Russia has placed a destructive “Trojan Horse” malware program in the software that operates most of America’s critical infrastructure, making it possible for Moscow to cause economic catastrophe throughout the U.S., the Department of Homeland Security has now warned.
The cyber operation is the modern-day equivalent of the Cold War’s concept of nuclear MAD — mutual assured destruction — because intelligence analysts believe the United States has likely achieved similar inroads into Russian (and likely Chinese) infrastructure.
However, the penetration of American financial infrastructure could be even more potentially devastating, considering that the U.S. financial and banking system and Wall Street provide the backbone for global trade, as part of the world’s largest economy. Also, the U.S. dollar is the world’s reserve currency; any disruption of the American economic system would likely cause a dollar collapse and lead to global financial pandemonium.
‘No random attack’
In addition to having major financial implications, national security sources and intelligence analysts note that the malware has also penetrated other vital infrastructure — that which is used to “control complex industrial operations like oil and gas pipelines, power transmission grids, water distribution and filtration systems, wind turbines and even some nuclear plants,” ABC News reported. Shutting any of these vital systems down could adversely impact millions of Americans, and could even lead to destruction and death.
In a bulletin, DHS warned that the Russia-sponsored hacking attack has been continuous since 2011, though no attempt has yet been made to activate the malware to “damage, modify, or otherwise disrupt” America’s industrial and infrastructure control processes. As such, though American intelligence agencies and the Obama Administration have only recently been made aware of the breach, no one knows where or when the malware could be activated.
“DHS sources told ABC News they think this is no random attack and they fear that the Russians have torn a page from the old, Cold War playbook, and have placed the malware in key U.S. systems as a threat, and/or as a deterrent to a U.S. cyber-attack on Russian systems — mutually assured destruction,” the network reported on its website.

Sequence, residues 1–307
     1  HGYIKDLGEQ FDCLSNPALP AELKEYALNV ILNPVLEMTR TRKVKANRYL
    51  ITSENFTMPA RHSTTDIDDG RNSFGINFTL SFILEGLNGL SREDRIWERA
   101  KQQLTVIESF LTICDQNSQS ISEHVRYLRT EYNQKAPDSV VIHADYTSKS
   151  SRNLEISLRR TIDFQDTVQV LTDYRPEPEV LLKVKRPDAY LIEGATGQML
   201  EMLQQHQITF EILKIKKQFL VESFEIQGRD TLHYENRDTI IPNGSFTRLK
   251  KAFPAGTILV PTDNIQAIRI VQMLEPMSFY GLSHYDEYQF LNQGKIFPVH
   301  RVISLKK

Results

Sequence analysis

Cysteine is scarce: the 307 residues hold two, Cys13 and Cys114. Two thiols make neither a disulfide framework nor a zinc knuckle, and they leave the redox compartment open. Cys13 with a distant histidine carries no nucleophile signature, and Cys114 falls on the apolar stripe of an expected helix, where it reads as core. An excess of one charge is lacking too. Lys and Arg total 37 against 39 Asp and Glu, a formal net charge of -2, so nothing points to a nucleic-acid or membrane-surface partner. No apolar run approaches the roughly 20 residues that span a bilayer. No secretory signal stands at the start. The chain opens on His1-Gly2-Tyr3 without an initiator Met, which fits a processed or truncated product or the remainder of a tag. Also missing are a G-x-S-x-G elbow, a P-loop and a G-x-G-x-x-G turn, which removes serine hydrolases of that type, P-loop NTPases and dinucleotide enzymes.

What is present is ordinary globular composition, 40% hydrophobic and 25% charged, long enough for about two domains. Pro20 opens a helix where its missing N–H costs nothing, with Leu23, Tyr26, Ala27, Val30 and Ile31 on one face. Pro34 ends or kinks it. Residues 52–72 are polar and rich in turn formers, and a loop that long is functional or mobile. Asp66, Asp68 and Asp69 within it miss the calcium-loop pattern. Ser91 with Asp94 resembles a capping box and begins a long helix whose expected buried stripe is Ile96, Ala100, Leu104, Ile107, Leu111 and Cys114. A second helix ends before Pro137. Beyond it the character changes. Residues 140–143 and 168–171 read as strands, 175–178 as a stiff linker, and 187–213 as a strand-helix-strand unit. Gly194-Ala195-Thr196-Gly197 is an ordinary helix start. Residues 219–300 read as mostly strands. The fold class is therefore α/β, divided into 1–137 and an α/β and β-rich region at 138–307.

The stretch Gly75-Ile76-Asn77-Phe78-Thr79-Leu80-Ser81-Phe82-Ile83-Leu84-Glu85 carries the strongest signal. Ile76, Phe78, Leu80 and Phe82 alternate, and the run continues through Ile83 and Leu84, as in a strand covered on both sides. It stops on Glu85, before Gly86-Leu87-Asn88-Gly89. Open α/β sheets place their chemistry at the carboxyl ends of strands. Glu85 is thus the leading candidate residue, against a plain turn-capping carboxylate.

Intelligence community insiders learned about the penetration in late October; at that time, DHS’ Industrial Control Systems Cyber Emergency Response Team issued an alert bulletin to industry members outlining the breach. The bulletin reported that the “BlackEnergy” penetration was detected by several private industrial firms recently.
ABC News reported further:
DHS said “BlackEnergy” is the same malware that was used by a Russian cyber-espionage group dubbed “Sandworm” to target NATO and some energy and telecommunications companies in Europe earlier this year.
“Analysis of the technical findings in the two reports shows linkages in the shared command and control infrastructure between the campaigns, suggesting both are part of a broader campaign by the same threat actor,” the DHS bulletin said.
‘The more I worked on the issue, the more concerned I became’
DHS officials said that the hacker software is very advanced, meaning it most likely was developed by a state actor with unlimited resources, rather than a non-state actor as a terrorist weapon. The malware can be controlled by operators using computers, an iPad or smart phone to control “various industrial processes,” ABC News reported. The software also allows collaborative control and information sharing.
The 2010 book Cyber War, by Richard A. Clarke, who served as a national security expert in the administrations of Ronald Reagan, George H. W. Bush, Bill Clinton and Georg W. Bush, warned that the nation’s critical infrastructure — financial, transportation, water, electrical and communications — were vulnerable to penetration and attack. He describes such tactics as “asymmetrical warfare,” and he noted that China was likely a bigger threat than Russia.
Clarke noted that, during the administration of Bill Clinton, he was assigned to draft a Presidential Decision Document (PDD) outlining the risks to both government and private industrial systems, but said he was given no authority to implement his recommendations.
“The more I worked on the issue, the more concerned I became,” he wrote, adding that by 2000, the Clinton Administration “developed a National Plan for Information Systems Protection, but there was still no willingness in the government to regulate the industries that ran the vulnerable critical infrastructure.”
Clarke, Richard A. and Knake, Robert K. 2010. Cyber War. New York: HarperCollins. http://www.barnesandnoble.com